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In El Salvador, soldiers patrol where gangs once ruled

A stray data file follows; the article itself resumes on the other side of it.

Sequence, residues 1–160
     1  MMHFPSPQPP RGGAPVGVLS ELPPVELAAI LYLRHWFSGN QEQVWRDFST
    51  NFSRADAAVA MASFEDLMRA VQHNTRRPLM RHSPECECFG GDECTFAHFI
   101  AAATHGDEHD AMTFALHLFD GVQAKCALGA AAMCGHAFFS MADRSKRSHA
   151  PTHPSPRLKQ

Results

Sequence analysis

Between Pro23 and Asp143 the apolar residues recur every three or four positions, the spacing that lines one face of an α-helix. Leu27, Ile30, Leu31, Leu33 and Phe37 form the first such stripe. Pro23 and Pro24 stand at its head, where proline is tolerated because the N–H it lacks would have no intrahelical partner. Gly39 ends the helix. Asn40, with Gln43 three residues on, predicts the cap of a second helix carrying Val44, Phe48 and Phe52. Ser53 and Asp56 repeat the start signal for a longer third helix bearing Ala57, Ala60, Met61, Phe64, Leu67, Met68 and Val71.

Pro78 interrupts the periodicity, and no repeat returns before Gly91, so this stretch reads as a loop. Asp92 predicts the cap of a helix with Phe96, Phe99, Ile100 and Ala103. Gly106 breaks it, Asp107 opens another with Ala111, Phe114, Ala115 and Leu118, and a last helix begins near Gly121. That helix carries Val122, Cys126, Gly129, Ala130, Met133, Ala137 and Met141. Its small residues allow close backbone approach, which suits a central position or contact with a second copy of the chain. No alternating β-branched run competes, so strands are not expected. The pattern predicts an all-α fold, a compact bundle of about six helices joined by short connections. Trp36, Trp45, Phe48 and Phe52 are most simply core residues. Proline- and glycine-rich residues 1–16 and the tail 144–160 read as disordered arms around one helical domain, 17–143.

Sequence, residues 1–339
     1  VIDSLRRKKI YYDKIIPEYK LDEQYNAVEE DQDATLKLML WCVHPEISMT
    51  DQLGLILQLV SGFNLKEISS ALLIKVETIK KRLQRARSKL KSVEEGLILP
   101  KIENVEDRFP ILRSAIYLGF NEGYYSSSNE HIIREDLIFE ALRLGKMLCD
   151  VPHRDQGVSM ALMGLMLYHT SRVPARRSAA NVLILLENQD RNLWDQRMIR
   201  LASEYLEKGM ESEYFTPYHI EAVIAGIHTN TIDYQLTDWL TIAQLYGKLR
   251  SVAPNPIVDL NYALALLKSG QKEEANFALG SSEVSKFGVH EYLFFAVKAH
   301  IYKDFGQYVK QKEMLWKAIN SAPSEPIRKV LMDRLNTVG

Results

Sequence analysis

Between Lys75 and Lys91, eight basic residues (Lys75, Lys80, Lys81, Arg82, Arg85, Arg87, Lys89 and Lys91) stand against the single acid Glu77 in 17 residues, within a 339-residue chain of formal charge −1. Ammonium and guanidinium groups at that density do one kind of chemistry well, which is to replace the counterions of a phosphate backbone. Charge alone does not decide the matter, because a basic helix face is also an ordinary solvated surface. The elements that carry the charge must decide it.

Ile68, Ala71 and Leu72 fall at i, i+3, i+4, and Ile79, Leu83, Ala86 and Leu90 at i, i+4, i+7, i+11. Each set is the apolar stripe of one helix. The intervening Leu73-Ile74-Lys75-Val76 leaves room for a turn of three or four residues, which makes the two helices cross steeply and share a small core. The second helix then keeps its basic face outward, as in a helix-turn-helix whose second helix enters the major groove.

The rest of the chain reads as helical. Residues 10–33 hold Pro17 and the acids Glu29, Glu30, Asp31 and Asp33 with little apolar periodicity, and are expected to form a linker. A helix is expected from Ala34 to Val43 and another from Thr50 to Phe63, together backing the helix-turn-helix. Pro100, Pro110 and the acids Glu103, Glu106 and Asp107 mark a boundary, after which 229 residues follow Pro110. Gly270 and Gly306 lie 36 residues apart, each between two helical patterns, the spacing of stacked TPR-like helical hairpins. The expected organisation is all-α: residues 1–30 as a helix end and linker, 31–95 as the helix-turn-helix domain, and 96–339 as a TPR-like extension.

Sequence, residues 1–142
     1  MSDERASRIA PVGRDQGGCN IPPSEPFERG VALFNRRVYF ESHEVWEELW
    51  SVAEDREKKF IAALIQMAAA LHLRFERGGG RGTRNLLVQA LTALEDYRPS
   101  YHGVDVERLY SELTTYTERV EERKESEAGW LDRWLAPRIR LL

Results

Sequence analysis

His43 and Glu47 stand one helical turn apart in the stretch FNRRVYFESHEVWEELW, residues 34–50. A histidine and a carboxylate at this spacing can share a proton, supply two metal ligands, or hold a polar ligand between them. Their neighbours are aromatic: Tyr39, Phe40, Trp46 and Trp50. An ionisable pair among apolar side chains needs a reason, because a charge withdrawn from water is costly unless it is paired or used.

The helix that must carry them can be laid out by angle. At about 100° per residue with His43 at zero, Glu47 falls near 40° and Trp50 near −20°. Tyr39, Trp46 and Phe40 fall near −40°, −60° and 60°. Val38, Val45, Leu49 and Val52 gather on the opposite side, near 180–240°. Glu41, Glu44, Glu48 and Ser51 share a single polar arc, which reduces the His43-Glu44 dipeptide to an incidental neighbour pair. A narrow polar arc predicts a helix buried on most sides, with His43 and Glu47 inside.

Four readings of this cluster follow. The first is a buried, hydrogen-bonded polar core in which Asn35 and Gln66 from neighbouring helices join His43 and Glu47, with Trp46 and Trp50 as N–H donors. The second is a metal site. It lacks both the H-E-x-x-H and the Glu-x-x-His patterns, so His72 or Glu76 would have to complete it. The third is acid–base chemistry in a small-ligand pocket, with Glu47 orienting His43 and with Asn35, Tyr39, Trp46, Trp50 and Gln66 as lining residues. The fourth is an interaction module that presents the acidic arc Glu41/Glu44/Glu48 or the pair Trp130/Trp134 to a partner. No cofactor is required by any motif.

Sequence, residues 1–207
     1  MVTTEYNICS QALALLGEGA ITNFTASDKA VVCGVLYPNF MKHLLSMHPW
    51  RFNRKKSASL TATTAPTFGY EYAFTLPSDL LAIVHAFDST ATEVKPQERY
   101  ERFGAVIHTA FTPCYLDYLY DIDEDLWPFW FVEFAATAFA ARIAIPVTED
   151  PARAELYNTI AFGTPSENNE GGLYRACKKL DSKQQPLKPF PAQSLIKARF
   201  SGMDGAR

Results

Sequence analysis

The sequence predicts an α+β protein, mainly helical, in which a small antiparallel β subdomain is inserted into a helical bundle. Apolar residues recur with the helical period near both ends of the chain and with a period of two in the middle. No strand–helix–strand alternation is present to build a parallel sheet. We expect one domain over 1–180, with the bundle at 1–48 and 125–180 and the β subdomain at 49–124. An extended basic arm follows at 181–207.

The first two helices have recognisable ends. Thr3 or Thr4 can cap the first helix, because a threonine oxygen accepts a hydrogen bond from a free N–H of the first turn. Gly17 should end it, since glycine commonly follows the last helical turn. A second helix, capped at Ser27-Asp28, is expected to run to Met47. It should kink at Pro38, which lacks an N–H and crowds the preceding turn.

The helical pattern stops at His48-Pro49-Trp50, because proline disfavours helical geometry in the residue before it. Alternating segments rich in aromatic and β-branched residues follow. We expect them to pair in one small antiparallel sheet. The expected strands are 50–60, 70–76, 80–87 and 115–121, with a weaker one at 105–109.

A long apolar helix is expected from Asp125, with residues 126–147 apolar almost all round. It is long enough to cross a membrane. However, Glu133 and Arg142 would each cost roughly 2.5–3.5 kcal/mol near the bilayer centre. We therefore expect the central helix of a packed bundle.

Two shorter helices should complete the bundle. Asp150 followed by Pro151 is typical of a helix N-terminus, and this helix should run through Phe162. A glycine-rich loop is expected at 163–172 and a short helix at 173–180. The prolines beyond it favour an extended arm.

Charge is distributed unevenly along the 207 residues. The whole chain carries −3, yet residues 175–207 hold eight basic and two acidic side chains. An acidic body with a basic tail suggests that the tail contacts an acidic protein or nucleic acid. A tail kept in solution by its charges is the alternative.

Mauricio Gonzalez, an Evangelical pastor in a Salvadoran city overrun with violent street gangs, says life there used to be terrifying. In his La Campanera neighborhood of the city of Soyapango, on the outskirts of San Salvador, gangsters threatened to kill him for preaching to young people. “The gang would not tolerate it. So I left and did not come back,” said Gonzalez, carrying a Bible in his hand. He said that for a decade now, no one from his church has dared venture into La Campanera, which is home mainly to factory workers. But that changed this weekend as 10,000 soldiers and police, many armed with assault rifles, surrounded the city and started patrolling its streets, going from house to house to arrest suspected gang members. President Nayib Bukele announced on his Twitter account on Sunday that “more than 140 gang members have been arrested inside the siege” in two days. Here, the gang that runs things is called Barrio 18, “barrio” meaning neighborhood. It is one of the most violent gangs in El Salvador. “Before, not even God could save us from the gangsters. Today is different, said Gonzalez, who is 52. Indeed, on Sunday, Gonzalez came to La Campanera with about 30 members of his church to preach. The huge security operation that began Saturday was part of a state of emergency declared by Bukele this spring following a surge in gang violence. The president had announced last month a plan to use troops to surround cities while house-by-house searches are conducted for gang members. Soyapango is the first city subjected to that approach. – A big change for the better – By Saturday, authorities had reported only 12 arrests in the operation in Soyapango before Bukele reported richer results from the siege. Police also said on Sunday they had arrested a major Barrio 18 figure. They identified him as Guillermo Alexander Pineda, alias “Lazy,” and said he had ordered killings and extortions nationwide. A group of soldiers took up position on the only street leading into La Campanera on Sunday, searching everyone entering or leaving either on foot on in cars. Others patrolled in armored cars rumbling through narrow streets of cement homes in this working-class area. Residents walked about looking relaxed and shopped at sidewalk stands. Before, there were many fewer such vendors, as merchants could not afford the extortion payments that gangsters demanded. “Only someone who has not lived here would not realize how different things are now,” said Etelvina Rosas, 36, who was selling fruit. “Today everything is safer. People are daring to do business. You don’t see the young guys in the streets,” she said, referring to gang members. She said she has had to pay off the gangs several times. Since Bukele declared the state of emergency in March, more than 58,000 suspected gang members have been arrested, the government says, although humanitarian groups have questioned what they say can be heavy-handed tactics. The nationwide state of emergency, which allows detention without court order, followed a surge in violence that claimed 87 lives between March 25 and 27. Despite opposition from humanitarian groups, the emergency order was extended by Congress to mid-December. Soyapango Mayor Nercy Montano said last week that government actions in the city had brought a huge improvement in safety. – War zone – On the road leading to La Campanera there is a settlement called Las Margaritas, which historically is controlled by a gang called Mara Salvatrucha, or MS-13, which is the arch enemy of Barrio 18. At least six armored cars were visible Sunday on one of the streets in Las Margaritas. “Our orders are to not leave a single terrorist in Soyapango,” a soldier who declined to give his name told AFP. Gangs in El Salvador, called maras in Spanish, normally paint walls with distinctive graffiti to mark off territory, but in Las Margaritas the authorities have erased those writings. Mirna Polanco, a 24-year-old university student, said as she walked along the road that connects Las Margaritas and La Campanera that this used to be a war zone because of the gun battles the two gangs would wage. “All of that has been going away and let’s hope it stays that way from now on,” Polanco said. “We will not leave Soyapango until we capture the last gang member,” said Defense Minister Rene Merino.

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